Female diplomats and parliamentarians call for an active role for women in conflict resolution in the Black Sea Region and beyond
Against the backdrop of the war in Ukraine, the Women In Diplomacy Network joined forces with the All-Party Parliamentary Group for Women Peace and Security for a high-level panel discussion in Parliament on the role of women in efforts for peace in the Black Sea Region.
The event was the focal meeting of the six-month Presidency of HE Sophie Katsarava, the Ambassador of Georgia, whose country was the target of a Russian invasion and occupation in 2008. In her remarks, Ambassador Katsarava outlined Georgia’s National Action Plan for Women, Peace and Security which to date has achieved tangible results, particularly in securing the right of Georgian children in occupied Abkhazia to education in their mother tongue.
Adding another Black Sea perspective was HE Laura Popescu, the Ambassador of Romania, who pointed out that a female perspective, combined with a skill set of empathy and trust plus the ability to access to all areas of society when intelligence gathering were vital in conflict resolution. This was especially important where issues of human trafficking and sexual violence were prevalent as has been witnessed during the war in Ukraine. Underlining the importance of education, Ambassador Popescu said women remained underrepresented in peace negotiations and called for the training of more female leaders in the sphere of security and defence.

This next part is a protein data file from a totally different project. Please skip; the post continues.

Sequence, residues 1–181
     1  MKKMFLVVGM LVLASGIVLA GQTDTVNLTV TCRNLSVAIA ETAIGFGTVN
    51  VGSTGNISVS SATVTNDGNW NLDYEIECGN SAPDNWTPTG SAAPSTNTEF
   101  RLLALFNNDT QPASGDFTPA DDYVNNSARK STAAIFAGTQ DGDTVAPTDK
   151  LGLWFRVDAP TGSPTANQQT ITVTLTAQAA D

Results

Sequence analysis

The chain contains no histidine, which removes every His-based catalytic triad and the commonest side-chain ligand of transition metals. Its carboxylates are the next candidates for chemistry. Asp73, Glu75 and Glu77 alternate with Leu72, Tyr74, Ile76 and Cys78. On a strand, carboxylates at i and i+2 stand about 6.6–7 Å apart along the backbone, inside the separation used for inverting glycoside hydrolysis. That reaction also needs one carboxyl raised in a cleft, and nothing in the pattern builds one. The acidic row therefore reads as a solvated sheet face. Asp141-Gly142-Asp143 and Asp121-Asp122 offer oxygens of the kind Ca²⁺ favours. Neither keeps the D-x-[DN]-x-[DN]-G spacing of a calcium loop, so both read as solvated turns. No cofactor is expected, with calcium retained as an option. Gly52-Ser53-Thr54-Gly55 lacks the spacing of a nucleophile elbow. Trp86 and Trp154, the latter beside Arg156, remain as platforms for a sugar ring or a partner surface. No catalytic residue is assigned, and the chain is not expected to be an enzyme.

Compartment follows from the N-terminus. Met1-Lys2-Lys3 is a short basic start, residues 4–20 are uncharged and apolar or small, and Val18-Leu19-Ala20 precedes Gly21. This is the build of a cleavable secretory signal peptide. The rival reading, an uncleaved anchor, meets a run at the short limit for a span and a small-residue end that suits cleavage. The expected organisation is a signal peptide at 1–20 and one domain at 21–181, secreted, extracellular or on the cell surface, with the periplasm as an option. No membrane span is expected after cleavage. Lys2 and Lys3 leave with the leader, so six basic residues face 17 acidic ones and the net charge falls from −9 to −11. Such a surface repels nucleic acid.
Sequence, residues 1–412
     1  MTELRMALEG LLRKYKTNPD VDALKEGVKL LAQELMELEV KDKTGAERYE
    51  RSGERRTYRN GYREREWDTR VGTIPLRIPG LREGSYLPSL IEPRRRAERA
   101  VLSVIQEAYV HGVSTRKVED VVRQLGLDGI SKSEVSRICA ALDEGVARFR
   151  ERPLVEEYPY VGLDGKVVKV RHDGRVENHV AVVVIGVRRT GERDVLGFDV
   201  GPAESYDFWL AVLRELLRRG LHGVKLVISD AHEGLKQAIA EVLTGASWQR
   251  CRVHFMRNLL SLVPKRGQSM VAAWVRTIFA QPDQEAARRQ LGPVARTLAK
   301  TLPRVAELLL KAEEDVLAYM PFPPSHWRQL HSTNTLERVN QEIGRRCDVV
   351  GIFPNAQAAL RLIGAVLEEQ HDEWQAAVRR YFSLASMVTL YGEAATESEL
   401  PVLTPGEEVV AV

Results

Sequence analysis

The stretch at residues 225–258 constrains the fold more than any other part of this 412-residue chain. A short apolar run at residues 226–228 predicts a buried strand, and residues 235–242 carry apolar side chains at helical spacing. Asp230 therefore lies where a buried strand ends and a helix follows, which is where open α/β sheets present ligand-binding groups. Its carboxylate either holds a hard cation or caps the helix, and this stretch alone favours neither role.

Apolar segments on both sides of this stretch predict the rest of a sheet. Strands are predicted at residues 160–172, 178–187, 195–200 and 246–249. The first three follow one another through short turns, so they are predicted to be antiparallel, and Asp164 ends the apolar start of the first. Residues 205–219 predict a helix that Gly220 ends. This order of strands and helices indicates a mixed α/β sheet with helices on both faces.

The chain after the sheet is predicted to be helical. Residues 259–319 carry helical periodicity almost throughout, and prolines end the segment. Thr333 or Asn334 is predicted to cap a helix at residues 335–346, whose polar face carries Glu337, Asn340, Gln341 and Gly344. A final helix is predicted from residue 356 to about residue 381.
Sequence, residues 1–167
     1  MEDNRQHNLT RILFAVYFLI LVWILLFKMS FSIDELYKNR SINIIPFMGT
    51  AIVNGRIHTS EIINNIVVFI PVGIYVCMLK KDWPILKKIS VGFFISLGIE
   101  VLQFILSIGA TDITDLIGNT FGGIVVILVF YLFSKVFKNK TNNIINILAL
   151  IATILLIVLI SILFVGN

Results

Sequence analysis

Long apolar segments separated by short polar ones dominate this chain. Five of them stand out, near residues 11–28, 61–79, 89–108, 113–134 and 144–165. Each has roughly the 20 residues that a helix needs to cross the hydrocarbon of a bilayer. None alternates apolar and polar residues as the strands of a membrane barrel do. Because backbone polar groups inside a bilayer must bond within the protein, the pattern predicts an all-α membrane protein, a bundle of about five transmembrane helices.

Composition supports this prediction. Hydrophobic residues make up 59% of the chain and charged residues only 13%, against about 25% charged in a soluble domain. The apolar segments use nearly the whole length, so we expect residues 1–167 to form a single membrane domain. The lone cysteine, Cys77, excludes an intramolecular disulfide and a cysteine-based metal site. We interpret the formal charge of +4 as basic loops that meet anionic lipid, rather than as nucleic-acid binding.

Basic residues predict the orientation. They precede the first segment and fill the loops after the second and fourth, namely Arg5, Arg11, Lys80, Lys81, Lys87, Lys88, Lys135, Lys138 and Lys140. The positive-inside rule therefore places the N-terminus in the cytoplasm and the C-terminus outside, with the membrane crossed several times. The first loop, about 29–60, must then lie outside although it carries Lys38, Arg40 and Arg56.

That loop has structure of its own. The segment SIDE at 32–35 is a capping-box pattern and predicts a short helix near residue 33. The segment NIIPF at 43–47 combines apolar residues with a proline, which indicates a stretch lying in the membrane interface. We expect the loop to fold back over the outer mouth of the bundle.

Co-host Baroness Hodgson, who chairs the APPG for Women Peace and Security, said countries needed to do more than pay lip service to the Women Peace and Security agenda. The panel discussion coincided with the first reading in the House of Lords of her Private Members Bill on Women Peace and Security. “Signing resolutions is important, but having this in law is a must. This throws down a marker. There are no more excuses for not having women in peace delegations.”
Emeritus President of the Women In Diplomacy Network the High Commissioner of Namibia HE Linda Scott explained the origins of UN Security Council Resolution 1325 on Women Peace and Security, sponsored by Namibia, which had endured decades of conflict to win independence from apartheid South Africa. High Commissioner Scott outlined how the resolution sought to change the narrative of women in conflict from that of victimhood to active and vital participants in the peace process.
The discussion also heard a statement from Foreign Office Minister Lord Ahmad of Wimbledon about UK initiatives on the WPS agenda, notably the upcoming world summit in November, to be hosted by the UK, on the Prevention of Sexual Violence in Conflict.
The discussion, chaired by Emeritus President of the Women In Diplomacy Network the High Commissioner of The Maldives HE Farah Faizal, included wide-ranging perspectives from diplomats, parliamentarians and NGOs which focused on strategies to combat sexual violence in conflict, through better evidence gathering enhanced by the use of modern technology and more female investigators working closely with women on the ground.
Main photo: Female diplomats and parliamentarians meet in the House of Lords to for a high-level panel discussion on women, peace and security